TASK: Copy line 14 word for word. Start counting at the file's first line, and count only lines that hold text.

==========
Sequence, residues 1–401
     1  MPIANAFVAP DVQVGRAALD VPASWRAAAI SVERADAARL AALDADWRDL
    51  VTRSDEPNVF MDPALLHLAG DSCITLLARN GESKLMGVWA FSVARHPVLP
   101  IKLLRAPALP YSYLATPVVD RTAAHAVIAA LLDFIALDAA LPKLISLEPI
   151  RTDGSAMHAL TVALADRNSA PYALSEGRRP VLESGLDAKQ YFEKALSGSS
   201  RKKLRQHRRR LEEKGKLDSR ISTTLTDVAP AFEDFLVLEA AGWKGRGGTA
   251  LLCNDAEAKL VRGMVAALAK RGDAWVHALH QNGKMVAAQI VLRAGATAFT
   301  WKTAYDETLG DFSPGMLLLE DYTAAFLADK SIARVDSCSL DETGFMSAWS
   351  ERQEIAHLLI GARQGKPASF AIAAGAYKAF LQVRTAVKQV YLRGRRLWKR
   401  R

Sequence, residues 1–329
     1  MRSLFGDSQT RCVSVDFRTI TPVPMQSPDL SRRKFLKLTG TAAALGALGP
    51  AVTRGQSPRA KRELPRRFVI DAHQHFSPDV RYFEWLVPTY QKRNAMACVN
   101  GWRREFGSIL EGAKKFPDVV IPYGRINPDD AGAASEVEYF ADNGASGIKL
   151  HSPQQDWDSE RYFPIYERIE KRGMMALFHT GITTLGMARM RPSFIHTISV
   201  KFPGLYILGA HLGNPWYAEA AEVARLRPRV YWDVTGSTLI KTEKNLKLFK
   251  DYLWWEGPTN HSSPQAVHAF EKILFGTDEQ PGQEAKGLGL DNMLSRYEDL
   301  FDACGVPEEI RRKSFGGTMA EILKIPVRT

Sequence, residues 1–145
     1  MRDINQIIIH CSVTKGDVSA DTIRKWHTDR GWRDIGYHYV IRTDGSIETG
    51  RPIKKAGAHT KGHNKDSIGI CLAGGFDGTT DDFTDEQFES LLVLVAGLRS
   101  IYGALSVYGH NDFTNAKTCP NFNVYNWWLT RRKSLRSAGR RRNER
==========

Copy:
   101  GWRREFGSIL EGAKKFPDVV IPYGRINPDD AGAASEVEYF ADNGASGIKL